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Laboratory measurement and boundary conditions for the water vapour resistivity properties of typical Australian impermeable and smart pliable membranes


Olaoye, TS and Dewsbury, M and Kunzel, H, Laboratory measurement and boundary conditions for the water vapour resistivity properties of typical Australian impermeable and smart pliable membranes, Buildings, 11, (11) Article 509. ISSN 2075-5309 (2021) [Refereed Article]


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Copyright 2021 by the authors. Licensee MDPI, Basel, Switzerland. This article is an open access article distributed under the terms and conditions of the Creative Commons Attribution (CC BY) license (https:// 4.0/).

DOI: doi:10.3390/buildings11110509


The duo of better insulated and more air-tight envelopes without appropriate consideration of water vapour diffusion and envelope moisture management has often demonstrated an increased potential of moisture accumulation, interstitial condensation, and mould growth within the building envelope. To inform a resilient, energy efficient, and healthy building design, long-term transient hygrothermal modelling are required. Since 2008, concern has been raised to the Australian building regulators regarding the need to establish the vapour diffusion properties of construction materials, in order to develop a hygrothermal regulatory framework. This paper discusses the results from laboratory testing of the vapour diffusion properties of two common reflective pliable membranes, and one smart pliable membrane. The two reflective pliable membranes are often used within the exterior walls of Australian buildings. The smart pliable membrane is a relatively new, internationally available product. The three membranes were tested as per ISO 12,572 at 23 C and 50% RH. To establish if the vapour resistivity properties were constant, under different relative humidity conditions, the membranes were further tested at 23 C and relative humidity values of 35%, 65%, and 80%. The results of the three pliable membranes show that the vapour resistivity properties varied in a non-linear (dynamic) manner subject to relative humidity. In conclusion, this research demonstrates that regardless of the class, each of the tested membrane types behaved differently under varying relative humidity and pressure gradients within the testing laboratory.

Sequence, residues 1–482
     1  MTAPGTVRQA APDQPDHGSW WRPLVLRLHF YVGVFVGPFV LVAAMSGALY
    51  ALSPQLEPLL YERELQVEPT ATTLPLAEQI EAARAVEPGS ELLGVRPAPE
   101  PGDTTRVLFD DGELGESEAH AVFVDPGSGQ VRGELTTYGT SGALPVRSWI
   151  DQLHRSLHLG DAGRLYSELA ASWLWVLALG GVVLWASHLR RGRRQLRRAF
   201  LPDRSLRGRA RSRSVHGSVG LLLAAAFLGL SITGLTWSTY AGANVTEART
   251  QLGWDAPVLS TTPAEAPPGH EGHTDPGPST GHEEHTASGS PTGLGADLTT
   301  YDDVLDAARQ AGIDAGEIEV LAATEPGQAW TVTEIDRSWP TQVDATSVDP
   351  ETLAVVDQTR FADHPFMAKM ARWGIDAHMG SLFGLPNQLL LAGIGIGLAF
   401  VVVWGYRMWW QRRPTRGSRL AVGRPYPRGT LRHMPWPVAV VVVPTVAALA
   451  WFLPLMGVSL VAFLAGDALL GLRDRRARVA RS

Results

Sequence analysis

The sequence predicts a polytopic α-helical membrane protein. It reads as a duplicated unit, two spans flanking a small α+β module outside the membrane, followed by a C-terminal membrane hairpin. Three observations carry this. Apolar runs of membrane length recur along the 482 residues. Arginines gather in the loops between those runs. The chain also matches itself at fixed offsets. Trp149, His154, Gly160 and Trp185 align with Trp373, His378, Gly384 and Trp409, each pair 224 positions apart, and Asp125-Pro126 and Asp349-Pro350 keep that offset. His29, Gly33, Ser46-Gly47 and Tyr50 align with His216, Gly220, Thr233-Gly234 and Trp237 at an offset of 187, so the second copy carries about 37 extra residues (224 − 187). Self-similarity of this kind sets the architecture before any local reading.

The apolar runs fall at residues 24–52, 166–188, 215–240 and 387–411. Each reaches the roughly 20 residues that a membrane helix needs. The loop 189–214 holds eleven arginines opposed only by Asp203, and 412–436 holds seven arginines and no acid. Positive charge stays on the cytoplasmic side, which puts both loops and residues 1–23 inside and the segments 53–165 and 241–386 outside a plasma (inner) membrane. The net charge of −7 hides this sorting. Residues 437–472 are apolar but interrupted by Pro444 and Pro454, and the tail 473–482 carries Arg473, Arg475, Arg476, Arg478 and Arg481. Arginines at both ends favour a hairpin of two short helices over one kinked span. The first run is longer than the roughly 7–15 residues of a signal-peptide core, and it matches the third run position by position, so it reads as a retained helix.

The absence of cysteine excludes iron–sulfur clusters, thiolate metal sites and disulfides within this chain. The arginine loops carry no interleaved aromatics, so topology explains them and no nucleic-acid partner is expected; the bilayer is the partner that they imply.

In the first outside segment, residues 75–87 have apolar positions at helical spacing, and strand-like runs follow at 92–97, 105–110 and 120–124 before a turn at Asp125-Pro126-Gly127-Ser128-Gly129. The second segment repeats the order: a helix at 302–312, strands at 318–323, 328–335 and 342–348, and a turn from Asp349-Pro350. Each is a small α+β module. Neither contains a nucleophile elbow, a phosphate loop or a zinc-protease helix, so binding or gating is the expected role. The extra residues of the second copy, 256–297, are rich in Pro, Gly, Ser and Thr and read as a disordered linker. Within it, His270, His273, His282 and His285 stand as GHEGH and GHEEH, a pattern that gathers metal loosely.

Item Details

Item Type:Refereed Article
Keywords:vapour resistivity, hygrothermal modelling, energy efficient, airtightness, condensation, hygrothermal moisture management, impermeable membrane, diffusion, smart membrane, relative humidity
Research Division:Built Environment and Design
Research Group:Architecture
Research Field:Architectural science and technology
Objective Division:Energy
Objective Group:Energy efficiency
Objective Field:Residential energy efficiency
UTAS Author:Olaoye, TS (Mr Toba Olaoye)
UTAS Author:Dewsbury, M (Dr Mark Dewsbury)
ID Code:147466
Year Published:2021
Web of Science® Times Cited:1
Deposited By:Architecture and Design
Deposited On:2021-11-02
Last Modified:2021-12-16
Downloads:6 View Download Statistics

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